I believe this because over and over in my six years in office, I have seen America at its best. I've seen the hopeful faces of young graduates from New York to California, and our newest officers at West Point, Annapolis, Colorado Springs, New London. I've mourned with grieving families in Tucson and Newtown, in Boston, in West Texas, and West Virginia. I've watched Americans beat back adversity from the Gulf Coast to the Great Plains, from Midwest assembly lines to the Mid-Atlantic seaboard. I've seen something like gay marriage go from a wedge issue used to drive us apart to a story of freedom across our country, a civil right now legal in states that seven in 10 Americans call home.
So I know the good, and optimistic, and big-hearted generosity of the American people who every day live the idea that we are our brother's keeper and our sister's keeper. And I know they expect those of us who serve here to set a better example.
(UPDATE: The Washington Post's Glenn Kessler has collected many more examples of Obama expressing his love for America and praising it as exceptional. But Obama's not seen as having said any of the things Kessler quotes, I guess.)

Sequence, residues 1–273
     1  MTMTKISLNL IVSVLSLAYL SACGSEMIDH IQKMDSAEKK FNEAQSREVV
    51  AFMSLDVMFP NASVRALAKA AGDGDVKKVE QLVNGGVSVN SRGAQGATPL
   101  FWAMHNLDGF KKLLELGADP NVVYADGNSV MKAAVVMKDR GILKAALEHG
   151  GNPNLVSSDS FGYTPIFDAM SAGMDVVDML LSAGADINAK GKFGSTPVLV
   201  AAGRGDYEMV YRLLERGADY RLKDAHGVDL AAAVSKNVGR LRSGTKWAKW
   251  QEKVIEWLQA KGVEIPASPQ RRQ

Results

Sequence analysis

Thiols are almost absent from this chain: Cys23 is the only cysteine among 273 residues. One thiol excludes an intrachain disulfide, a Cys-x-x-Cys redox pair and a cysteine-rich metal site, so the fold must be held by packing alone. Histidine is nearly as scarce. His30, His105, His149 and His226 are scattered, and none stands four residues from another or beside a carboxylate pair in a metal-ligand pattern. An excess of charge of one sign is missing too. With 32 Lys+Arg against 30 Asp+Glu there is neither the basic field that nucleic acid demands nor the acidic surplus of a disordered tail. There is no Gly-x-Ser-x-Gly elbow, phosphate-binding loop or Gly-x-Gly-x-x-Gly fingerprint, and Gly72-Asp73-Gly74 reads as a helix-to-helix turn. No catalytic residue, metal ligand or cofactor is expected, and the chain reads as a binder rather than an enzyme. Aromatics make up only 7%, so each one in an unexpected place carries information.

In the op-ed, Giuliani identifies John F. Kennedy, Ronald Reagan, and Bill Clinton as presidents who "possessed the ability to walk a fine line by placing any constructive criticisms regarding the ways the country might improve in the context of their unbending belief in American exceptionalism." Well, maybe -- but I wonder what the Giuliani of 2015 would say about the Kennedy of 1960 who said this as he was running for president: